G Plan Side

DIY | 1950s Uniflex Chest of Drawers

Living in a Victorian cottage is not without it’s practical problems. Apart from the beautiful but drafty sash windows which cause havoc in the winter, there are the fireplaces and alcoves to contend with which adorn every room. Modern furniture is often too large to fit comfortably, without looking a little odd, so I’ve been on the hunt for a medium size sideboard or chest of drawers to position in one of these arkward spaces.

I spotted this beautiful 1950s chest of drawers by sought after brand Uniflex in a charity furniture shop in Hampton Hill. It only cost an astonishing £10 (check for the brand on Ebay and it will set up back up to £1000!), but it was damaged with a number of large scratches on the top which had unfortunately ruined the veneer. Not one to run away from a challenge, I decided to head straight to B&Q to find some chemical stripper and suitably mid century coloured paint to bring it back to its former glory.

You will need

  • Paint/Varnish Remover & Shave Hook
  • Gloves, Goggles & Mask
  • Rollers & Paint Brushes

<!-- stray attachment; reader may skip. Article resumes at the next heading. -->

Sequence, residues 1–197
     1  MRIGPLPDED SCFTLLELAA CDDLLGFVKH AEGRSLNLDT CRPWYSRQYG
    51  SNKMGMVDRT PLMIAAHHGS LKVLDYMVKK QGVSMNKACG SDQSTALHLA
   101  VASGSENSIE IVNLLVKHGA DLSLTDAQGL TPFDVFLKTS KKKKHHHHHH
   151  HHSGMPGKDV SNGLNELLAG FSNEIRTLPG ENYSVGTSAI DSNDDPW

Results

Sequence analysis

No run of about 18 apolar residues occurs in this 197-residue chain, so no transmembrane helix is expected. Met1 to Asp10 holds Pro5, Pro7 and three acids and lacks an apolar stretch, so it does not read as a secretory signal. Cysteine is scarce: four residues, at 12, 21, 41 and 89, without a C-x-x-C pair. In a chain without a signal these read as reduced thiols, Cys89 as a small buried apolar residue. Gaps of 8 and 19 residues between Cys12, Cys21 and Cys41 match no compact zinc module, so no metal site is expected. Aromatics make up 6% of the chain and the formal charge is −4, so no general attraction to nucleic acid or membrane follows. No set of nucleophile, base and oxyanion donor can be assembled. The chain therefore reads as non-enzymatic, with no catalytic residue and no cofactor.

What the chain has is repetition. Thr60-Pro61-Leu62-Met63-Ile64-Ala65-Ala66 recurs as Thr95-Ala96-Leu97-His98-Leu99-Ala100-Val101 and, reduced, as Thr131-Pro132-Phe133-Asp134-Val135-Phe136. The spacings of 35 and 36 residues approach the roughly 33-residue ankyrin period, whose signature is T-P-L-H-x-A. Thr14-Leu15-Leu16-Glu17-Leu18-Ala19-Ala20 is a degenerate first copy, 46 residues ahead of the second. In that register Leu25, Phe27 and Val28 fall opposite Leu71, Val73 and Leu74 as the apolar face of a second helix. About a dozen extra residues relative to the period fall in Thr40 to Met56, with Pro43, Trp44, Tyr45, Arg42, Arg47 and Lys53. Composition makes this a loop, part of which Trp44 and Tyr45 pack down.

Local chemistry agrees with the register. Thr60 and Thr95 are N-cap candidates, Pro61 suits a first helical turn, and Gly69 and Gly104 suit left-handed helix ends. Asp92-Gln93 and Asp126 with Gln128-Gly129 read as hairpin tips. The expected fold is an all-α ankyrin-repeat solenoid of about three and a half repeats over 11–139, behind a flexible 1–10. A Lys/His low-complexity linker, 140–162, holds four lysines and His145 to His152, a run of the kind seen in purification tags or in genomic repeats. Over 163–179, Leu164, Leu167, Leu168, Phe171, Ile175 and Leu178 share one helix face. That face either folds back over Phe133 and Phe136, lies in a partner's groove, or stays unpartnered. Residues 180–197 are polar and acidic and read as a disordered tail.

• Masking Tape & Sand Paper
  • Undercoat Primer
  • Paint of Choice – I chose French Turqoise by Craig & Rose 1829
  • Clear Matt Wood Varnish


  • Strip down the veneer on all the surfaces you wish to repaint. Follow the instructions on the bottle carefully as it is strong and dangerous stuff!
  • Wipe furniture down to take away any excess chemicals.
  • Paint two layers of undercoat, leaving a couple of hours in between for it to dry properly. Use a roller for the larger areas and a small paint brush to get into all the nooks and crannies.
  • For this piece, the drawers were set into the furniture, so I needed to mask a line inside of about 1.5inches and paint the same as the outside.

  • Once the undercoat was dry I painted the chest French Turquoise and left the drawers their original colour.
  • I painted three coats of French Turquoise and used two fine bristle brushes – a big one and small one to get a good finish.
  • After the last coat, leave to dry over night before varnishing to make sure the paint has soaked in.
  • I used clear matt varnish to make the finish as authentic as possible. It is quite difficult to use as you can’t really see where you have already varnished, so do this early in the morning and take your time.

If you find  a piece of furniture that isn’t damaged, why not try painting the drawers instead. It will have the same new retro effect but requires a lot less time and work.